In terms two, three and four, Alfriston has a "Three-day episode" where the timetable is collapsed across the school and learning leaders (teachers) offer three-day intensive learning on a chosen topic or theme. Sometimes this is school wide. For example, for the Commonwealth Games theme, learning included dancing, sports, medal making, badges, flags, promotional chocolates, media crews, and newspaper production. Topics are also chosen for a more global curriculum enrichment focus, where learning centres around student interest in particular topics, such as cake decoration, photography, scrap booking, martial arts, school magazine production, fabric crafts, and tin can steam engines. Research has shown the school has less absenteeism during these "episodes".

"I learnt about finding my potential, in lots of things I didn't think I could do."

Caleb, year 10 student

How do you give students the opportunities to engage with local businesses and the community on a real project?

Staff constantly look out for opportunities to make links with the local community, and the Education for Enterprise Cluster project was an excellent catalyst for this. Some examples of the authentic learning connections included:

  • food technology students working with the school café staff
  • agencies such as FutureinTech, which acts as a broker for the school to access science, technology, and engineering industry contacts, bringing in a range of sports coaches on a regular basis from the community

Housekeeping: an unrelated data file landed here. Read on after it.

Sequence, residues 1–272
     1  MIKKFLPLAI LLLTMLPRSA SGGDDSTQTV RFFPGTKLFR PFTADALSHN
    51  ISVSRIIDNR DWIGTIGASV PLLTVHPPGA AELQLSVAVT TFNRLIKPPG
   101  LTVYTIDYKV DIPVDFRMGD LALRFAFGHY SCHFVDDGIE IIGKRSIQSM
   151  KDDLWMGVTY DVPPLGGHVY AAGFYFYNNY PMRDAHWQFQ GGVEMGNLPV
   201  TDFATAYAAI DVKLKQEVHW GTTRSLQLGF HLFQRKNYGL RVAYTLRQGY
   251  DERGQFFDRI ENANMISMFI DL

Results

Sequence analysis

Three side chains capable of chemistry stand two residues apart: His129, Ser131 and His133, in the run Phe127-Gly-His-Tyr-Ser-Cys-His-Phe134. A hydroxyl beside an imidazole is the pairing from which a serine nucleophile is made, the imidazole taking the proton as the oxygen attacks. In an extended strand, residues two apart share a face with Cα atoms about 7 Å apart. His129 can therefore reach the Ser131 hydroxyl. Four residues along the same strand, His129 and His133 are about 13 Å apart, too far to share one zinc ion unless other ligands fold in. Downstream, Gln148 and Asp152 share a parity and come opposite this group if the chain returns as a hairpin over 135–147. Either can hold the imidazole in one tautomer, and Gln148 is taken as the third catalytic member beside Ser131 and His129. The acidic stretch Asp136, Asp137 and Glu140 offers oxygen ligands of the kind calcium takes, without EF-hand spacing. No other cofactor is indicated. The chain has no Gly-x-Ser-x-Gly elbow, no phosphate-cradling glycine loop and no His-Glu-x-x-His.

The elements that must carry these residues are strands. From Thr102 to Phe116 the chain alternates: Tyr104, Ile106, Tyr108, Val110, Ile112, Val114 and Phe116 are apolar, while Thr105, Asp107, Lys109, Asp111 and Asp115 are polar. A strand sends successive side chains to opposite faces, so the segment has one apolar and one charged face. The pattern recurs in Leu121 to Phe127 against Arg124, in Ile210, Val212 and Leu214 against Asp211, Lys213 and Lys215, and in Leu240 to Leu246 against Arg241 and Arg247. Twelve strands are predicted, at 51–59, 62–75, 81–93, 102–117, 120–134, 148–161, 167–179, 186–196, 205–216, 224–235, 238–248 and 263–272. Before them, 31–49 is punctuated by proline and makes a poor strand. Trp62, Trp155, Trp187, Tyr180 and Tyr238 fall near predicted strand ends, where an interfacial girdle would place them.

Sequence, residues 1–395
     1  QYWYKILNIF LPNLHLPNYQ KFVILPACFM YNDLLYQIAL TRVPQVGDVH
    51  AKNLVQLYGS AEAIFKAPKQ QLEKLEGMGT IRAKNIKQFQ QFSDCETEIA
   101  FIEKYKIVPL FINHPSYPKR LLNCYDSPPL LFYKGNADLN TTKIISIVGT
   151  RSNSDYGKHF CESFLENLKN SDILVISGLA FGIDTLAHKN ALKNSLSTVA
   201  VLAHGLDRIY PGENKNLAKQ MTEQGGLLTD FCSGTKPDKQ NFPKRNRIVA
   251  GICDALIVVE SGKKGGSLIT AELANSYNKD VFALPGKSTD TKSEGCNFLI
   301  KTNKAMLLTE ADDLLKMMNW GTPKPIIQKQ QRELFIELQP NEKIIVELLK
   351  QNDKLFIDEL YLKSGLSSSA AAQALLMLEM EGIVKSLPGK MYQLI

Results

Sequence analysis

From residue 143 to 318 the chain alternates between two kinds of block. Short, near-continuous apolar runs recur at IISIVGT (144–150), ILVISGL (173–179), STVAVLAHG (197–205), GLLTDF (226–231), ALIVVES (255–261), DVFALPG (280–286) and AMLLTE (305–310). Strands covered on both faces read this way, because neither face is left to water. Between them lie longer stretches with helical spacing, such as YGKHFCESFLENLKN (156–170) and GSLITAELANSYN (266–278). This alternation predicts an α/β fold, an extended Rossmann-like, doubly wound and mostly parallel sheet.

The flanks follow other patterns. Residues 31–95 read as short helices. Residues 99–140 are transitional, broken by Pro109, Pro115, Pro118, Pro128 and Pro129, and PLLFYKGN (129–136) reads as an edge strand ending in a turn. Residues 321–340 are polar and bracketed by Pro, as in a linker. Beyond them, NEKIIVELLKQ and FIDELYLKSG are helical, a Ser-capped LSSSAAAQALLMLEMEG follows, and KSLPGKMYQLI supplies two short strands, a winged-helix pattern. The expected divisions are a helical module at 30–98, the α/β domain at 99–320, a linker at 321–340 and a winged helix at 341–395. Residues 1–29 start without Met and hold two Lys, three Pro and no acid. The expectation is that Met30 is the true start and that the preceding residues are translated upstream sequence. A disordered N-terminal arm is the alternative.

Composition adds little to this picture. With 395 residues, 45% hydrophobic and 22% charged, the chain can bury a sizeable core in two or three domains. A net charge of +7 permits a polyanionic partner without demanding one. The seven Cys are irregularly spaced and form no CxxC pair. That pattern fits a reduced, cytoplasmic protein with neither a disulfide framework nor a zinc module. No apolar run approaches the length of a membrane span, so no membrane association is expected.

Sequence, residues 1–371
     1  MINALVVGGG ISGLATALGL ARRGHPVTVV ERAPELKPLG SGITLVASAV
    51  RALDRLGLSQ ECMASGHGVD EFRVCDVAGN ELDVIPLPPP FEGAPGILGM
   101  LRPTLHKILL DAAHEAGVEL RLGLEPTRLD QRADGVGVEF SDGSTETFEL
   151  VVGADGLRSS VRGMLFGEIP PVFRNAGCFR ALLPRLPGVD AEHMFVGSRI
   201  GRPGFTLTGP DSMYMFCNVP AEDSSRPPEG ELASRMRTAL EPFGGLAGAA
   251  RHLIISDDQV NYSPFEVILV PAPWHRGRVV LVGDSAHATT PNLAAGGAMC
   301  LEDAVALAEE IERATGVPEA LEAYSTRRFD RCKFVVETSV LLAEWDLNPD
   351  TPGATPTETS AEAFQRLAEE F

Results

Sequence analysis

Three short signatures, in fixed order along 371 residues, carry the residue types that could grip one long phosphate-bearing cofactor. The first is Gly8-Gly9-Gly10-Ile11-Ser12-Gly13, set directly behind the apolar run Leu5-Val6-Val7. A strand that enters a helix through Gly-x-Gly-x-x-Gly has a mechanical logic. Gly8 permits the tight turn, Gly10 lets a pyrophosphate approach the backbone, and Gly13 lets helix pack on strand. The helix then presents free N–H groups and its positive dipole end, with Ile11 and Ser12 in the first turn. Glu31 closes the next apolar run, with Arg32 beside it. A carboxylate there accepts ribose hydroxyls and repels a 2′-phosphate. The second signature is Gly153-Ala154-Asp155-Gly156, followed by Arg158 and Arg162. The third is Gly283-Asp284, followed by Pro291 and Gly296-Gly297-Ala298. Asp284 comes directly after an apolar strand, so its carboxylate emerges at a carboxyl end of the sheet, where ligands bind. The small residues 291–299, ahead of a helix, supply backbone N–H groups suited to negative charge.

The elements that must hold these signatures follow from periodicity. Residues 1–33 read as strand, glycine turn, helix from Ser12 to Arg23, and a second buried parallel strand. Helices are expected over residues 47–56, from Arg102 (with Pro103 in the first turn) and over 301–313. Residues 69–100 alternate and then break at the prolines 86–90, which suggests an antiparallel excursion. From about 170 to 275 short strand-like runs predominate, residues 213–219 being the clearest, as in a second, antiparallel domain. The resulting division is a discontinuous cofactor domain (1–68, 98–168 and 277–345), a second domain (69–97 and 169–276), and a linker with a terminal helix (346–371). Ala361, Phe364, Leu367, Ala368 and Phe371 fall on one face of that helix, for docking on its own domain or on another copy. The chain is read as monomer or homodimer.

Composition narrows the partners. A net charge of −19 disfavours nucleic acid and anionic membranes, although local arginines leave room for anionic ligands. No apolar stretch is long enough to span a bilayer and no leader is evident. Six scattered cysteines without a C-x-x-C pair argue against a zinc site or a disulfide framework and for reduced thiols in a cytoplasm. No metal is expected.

• links to Auckland Zoo staff, who bring animals in as part of specific animals modules
  • working with Manukau City Council on foot-traffic counts, where students collect and collate their findings and feed the information back to the council.

Alfriston’s year 10 enterprise class undertook a project with ImageNation, a company that creates unique, vibrant indigenous artwork focusing on the meanings of Aotearoa place names. The project was also run in conjunction with Manukau City Libraries. 
 
Students researched the meanings of Māori words and place names for the company (Papakura, Manurewa, Manukau, and so on), including an explanation of how each place got its name. They also researched iconic landmarks within each named region. 
 
ImageNation worked as mentors to the students during the project and visited the year 10 class weekly to engage and work collaboratively with students on their enterprising journey.